Book Review: Armed Camps, Kit Reed (1969)
September 5, 2013 § 7 Comments
“[...] and the men were on the way to the bar, they were talking about the performance, they had to compare it to every other performance, they had to link them all and form them into something continuous, something to keep away the dark” (19).
Kit Reed’s first SF novel Armed Camps (1969) is all about characters constructing narratives and conjuring visions in order to keep the aphotic tides of societal disintegration at bay. The two paralleled narratives — a woman (Anne) running from her past and a man (Danny March) slowly recounting what led to his own downfall — are two different ways of fighting off what is bound to come. An oppressive melancholy that never lifts soaks the passages, presaging the motions of the characters as if they are trapped in some Thucydidean manifestation of the cyclicality of history.
The style and content of Armed Camps is best described in context of the New Wave movement within SF of the late 60s and early 70s — but, it is worth noting that Kit Reed, unlike John Brunner or Robert Silverberg who had to radically depart from what they they had previously written (pulp) to construct their New Wave masterpieces, deployed a similar literary style in her first published works of late 50s. If you are interested in her earliest SF work I recommend the short stories collated in her 1967 collection Mister Da V, and of course, her recently published “retrospective” collection of shorts from her entire career as of now – The Story Until Now: A Great Big Book of Stories (2013).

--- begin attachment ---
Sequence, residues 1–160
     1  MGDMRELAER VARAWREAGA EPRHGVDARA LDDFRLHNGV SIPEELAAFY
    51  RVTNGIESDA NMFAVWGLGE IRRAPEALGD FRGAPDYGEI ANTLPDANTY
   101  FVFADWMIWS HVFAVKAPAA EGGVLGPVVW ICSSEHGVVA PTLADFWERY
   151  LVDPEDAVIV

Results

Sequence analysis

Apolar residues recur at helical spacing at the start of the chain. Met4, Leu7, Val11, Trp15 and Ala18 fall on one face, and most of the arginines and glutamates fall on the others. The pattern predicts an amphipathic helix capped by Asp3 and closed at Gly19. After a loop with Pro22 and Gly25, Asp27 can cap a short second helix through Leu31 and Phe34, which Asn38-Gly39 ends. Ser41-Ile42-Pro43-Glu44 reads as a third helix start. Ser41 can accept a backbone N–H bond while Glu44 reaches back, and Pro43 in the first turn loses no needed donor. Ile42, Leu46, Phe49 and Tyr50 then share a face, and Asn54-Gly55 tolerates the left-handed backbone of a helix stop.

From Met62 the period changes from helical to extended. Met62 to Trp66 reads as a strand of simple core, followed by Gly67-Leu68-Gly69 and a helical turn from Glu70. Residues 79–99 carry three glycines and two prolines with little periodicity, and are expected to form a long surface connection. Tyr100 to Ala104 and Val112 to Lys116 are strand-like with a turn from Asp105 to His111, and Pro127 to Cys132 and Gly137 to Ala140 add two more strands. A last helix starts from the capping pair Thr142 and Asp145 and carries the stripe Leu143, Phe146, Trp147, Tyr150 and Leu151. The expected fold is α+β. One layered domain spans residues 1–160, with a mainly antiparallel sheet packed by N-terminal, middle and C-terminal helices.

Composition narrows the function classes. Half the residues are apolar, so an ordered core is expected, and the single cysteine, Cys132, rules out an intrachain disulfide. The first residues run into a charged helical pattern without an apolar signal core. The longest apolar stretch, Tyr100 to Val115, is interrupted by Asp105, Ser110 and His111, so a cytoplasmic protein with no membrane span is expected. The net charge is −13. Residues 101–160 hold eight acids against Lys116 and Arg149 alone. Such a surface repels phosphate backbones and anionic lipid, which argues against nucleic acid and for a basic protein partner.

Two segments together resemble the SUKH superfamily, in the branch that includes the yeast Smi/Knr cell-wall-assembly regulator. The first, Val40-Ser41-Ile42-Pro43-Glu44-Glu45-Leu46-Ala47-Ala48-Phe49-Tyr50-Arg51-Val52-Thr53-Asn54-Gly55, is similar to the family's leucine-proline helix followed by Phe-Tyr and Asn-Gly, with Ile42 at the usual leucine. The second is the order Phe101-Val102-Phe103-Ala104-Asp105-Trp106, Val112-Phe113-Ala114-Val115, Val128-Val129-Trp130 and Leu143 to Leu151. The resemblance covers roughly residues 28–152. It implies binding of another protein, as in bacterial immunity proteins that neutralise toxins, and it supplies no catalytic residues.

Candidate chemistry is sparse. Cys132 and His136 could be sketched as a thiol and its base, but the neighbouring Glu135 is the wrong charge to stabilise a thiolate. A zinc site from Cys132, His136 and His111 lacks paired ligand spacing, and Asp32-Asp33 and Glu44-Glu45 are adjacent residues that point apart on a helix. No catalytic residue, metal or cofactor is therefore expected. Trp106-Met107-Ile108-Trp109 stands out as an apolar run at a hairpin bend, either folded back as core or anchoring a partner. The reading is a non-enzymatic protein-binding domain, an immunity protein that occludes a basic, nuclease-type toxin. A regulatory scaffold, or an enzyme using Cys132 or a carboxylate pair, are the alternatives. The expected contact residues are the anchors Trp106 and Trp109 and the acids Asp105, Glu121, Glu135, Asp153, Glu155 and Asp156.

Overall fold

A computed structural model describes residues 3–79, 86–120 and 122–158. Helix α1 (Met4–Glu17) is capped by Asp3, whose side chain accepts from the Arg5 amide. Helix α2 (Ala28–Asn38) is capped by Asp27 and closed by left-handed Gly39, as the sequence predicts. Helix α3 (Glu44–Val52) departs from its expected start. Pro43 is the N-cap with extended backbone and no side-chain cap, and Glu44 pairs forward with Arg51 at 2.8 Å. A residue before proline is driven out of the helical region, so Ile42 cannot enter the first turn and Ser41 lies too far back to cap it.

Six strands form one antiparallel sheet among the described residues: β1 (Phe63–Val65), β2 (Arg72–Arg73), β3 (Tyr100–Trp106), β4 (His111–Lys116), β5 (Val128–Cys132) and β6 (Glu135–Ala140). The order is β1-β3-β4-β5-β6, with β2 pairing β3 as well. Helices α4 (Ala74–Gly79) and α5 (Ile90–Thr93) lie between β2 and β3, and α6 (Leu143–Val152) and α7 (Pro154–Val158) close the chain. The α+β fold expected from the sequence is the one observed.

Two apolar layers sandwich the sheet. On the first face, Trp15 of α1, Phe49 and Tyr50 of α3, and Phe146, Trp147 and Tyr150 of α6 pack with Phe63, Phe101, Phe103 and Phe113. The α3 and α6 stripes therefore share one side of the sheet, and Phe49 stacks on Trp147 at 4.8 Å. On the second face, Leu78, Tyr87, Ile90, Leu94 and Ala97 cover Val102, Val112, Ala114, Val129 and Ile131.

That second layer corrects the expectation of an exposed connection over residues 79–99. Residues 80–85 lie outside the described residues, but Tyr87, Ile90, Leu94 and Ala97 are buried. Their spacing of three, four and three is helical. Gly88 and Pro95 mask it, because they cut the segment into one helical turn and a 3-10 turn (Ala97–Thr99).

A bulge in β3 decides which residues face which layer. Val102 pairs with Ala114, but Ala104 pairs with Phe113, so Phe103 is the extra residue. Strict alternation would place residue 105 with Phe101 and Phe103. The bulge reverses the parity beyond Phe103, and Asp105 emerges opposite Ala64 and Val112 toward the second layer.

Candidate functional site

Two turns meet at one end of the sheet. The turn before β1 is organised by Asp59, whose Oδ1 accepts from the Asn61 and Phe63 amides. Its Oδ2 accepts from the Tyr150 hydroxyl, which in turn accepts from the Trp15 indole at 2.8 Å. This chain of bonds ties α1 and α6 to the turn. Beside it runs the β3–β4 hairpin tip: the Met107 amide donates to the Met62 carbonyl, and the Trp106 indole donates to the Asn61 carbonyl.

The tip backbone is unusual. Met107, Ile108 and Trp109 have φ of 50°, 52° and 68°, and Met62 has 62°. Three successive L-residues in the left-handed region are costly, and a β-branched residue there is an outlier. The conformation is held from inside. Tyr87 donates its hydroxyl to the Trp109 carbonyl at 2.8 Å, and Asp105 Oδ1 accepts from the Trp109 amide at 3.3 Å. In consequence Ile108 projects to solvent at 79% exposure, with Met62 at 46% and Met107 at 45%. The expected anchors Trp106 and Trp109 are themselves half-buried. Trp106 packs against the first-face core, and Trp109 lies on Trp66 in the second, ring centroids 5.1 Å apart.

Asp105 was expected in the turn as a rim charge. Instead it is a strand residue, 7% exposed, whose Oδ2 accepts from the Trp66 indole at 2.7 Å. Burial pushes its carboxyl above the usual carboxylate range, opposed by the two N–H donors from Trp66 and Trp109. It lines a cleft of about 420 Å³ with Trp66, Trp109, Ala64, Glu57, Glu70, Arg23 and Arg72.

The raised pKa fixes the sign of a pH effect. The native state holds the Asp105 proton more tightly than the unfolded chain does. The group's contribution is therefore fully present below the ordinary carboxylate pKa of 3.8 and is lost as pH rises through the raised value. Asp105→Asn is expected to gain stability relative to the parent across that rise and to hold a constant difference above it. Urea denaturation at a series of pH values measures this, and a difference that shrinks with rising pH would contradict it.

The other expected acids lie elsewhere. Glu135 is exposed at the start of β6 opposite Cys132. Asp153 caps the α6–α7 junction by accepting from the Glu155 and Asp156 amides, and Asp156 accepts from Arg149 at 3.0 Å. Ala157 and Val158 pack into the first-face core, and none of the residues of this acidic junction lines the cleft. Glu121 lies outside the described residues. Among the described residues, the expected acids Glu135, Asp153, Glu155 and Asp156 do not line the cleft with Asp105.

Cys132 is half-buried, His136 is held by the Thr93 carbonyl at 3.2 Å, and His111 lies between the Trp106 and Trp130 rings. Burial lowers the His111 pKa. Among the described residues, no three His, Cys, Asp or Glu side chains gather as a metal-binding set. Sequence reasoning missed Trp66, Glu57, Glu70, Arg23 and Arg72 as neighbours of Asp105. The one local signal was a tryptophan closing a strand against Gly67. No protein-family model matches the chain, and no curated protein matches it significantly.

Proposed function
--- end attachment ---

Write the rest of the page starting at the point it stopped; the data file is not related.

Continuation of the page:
Firmly a practitioner of social science fiction, Kit Reed has explicitly said in interviews that Armed Camps was her “why are we in Vietnam” novel [Tor.com article] — it is worth pointing out that the Tet Offensive, the largest military campaign of the war, was launched in early 1968. That said, unlike many anti-war visions of the period, I found Armed Camps a finely wrought commentary that does not resort to simplistic answers. Neither Danny March’s resort to terroristic violence nor Anne’s desperate adherence to pacifistic utopianism are presented as the way we can extricate ourselves from endless war.
Recommended for fans of New Wave and anti-war SF — and especially, for all fans of literary SF.
Brief Plot Summary/Analysis (*some spoilers*)
Kit Reed’s dystopic near future Earth is mired with unrest. A sort of police state exists, and gun ownership is ubiquitous and necessary for protection: A government inspector proclaims in shock, “Of course you need guns, everyone needs guns” (64). Likewise, war has manifested itself in an almost allegorical form that illustrates its endless nature — a sort of single combat with flame throwers is waged between vast military bunkers.